Edmunds Says Hyundai CEO Claim of Price War Premature

Edmunds.com is out with a statement today that claims of a price war are premature, in what appears to be a direct contradiction of what Hyundai CEO John Krafcik said last week in Chicago.

Edmunds says its data shows the price war talk is premature while Krafcik contends, in an interview with Reuters via Automotive News, "I think we can officially say that a price war broke out in the industry." So, which side is right?

The Edmunds numbers would appear to support Krafcik's argument. GM, according to the Hyundai Motors America CEO and president, commenced the price war in January and was quickly matched by Toyota.

In a statement denouncing Krafcik's claim, AutoObserver’s Dale Buss reports that General Motors paid $3,733 in True Cost of Incentives (TCI), on average, for each 2011 model year vehicle sold in January -- a 22 percent increase over its TCI average in December 2010. The automaker’s incentive boost was a major departure from typical January car deals and no other major automaker came within even half of GM’s incentives increase.

“It takes at least two sides to battle, and besides a reluctant Toyota, no other major automaker has joined GM’s unseasonably proactive incentivizing,” said Buss. “With a recovery gradually building in the U.S. market, most car companies don’t see a need to deliver more incentives.”

According to the Reuters article, AutoData has a slightly different interpretation of the numbers. GM's incentive spending rose 16 percent to an average discount of $3,663 in January, while Toyota's spending jumped 24 percent to $1,962, according to Autodata Corp. "I would call this a step backward for the industry," said Krafcik. "This is short-term thinking in a long-term process that hurts manufacturers and consumers." Hyundai's average incentive was about $1200 in January, according to Krafcik, which he said was lowest in the industry.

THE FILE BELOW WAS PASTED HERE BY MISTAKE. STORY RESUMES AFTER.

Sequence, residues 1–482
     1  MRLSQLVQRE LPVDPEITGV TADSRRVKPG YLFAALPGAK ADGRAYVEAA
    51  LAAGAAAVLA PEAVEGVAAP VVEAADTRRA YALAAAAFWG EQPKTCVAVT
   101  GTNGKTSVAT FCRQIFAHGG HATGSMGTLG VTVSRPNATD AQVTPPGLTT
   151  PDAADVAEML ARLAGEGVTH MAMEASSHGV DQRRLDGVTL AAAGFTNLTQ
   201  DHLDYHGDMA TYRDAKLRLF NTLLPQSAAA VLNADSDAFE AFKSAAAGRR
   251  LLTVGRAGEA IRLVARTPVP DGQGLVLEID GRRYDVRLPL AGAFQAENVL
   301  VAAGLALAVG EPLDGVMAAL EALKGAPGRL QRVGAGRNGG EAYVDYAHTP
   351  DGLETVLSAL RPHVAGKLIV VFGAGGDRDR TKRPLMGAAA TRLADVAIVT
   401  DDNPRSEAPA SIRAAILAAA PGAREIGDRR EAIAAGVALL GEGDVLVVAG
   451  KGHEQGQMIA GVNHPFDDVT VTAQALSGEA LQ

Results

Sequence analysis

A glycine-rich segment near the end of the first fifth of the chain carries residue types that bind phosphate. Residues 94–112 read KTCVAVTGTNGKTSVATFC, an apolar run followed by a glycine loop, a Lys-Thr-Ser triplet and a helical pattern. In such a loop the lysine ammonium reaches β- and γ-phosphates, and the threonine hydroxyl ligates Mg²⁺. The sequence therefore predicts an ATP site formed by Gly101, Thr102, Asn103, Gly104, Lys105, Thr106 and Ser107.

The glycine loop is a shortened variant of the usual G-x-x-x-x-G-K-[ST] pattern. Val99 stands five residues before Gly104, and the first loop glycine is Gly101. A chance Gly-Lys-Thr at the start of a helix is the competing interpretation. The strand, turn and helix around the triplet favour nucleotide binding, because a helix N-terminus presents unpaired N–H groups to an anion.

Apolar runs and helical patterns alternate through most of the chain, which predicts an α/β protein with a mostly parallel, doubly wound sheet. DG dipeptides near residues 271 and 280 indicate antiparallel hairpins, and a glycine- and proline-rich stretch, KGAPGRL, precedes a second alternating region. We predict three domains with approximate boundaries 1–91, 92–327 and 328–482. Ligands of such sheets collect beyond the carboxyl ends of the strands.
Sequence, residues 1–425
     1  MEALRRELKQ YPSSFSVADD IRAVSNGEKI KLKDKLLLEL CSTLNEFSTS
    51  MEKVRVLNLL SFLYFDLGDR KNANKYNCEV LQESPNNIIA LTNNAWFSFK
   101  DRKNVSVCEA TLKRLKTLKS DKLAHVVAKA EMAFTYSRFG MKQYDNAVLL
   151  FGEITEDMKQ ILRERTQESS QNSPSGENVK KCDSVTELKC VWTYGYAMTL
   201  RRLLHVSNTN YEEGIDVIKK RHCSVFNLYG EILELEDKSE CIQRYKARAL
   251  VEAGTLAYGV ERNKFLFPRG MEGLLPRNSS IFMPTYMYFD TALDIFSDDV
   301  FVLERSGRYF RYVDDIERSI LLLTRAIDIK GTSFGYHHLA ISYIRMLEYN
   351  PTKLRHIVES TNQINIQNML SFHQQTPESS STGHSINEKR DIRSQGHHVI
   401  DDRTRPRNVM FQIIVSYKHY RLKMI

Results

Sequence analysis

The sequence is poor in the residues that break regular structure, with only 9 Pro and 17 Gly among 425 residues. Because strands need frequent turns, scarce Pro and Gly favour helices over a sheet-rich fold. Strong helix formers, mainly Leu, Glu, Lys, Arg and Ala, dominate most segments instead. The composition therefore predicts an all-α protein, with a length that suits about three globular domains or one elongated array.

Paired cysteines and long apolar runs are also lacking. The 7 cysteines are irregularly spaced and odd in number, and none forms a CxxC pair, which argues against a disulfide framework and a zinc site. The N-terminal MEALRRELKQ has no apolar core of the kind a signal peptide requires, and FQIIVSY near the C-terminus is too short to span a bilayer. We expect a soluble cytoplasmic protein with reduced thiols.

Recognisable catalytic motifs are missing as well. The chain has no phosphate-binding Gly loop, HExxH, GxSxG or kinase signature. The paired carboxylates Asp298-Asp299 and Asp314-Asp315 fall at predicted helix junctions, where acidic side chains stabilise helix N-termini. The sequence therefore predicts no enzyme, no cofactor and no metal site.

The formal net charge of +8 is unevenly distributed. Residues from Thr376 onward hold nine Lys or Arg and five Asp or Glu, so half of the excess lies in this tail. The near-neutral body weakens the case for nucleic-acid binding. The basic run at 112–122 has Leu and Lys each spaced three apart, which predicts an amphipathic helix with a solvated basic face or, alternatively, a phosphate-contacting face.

Besides, Buss seems to think that GM and Toyota aren't the top players in the automotive marketplace, when obviously they are. GM sold 2.08 million vehicles in the U.S. in 2010. Toyota sold 1.77 million vehicles in the same time frame. That's one-third of the vehicles sold last year. If the number one and number two companies, representing 33 percent of the market share, get into a price war, there's a price war.

Edmunds.com analysts speculate that GM’s aggressive incentives spending is more of a short-term play to increase market share than an attempt to drive a “price war” with competitors.

“GM’s increase in incentives could be an attempt to draw out what industry observers have predicted for a while now: a period of pent-up demand accumulated during the recession that should result in a better sellers’ market,” said Edmunds.com’s Chief Economist Lacey Plache. “They may be thinking that consumer spirits are up now, and there are signs of credit loosening, so they’re seeing if they can pull some people out of the woodwork who may be ripe for buying.”

In an article written by Buss at AutoObserver.com, Citi analyst Itay Michaeli concluded that, “while GM’s large share gain [in January] may prompt competitors to respond, lean industry inventory and genuine intentions to avoid repeating past mistakes suggest it is too early to worry about an all-out incentive war. The 2010 pricing environment was quite firm. Once you got past Toyota’s situation, there was no stupid, crazy game with incentives. So at the very least, Krafcik’s remark is premature.”


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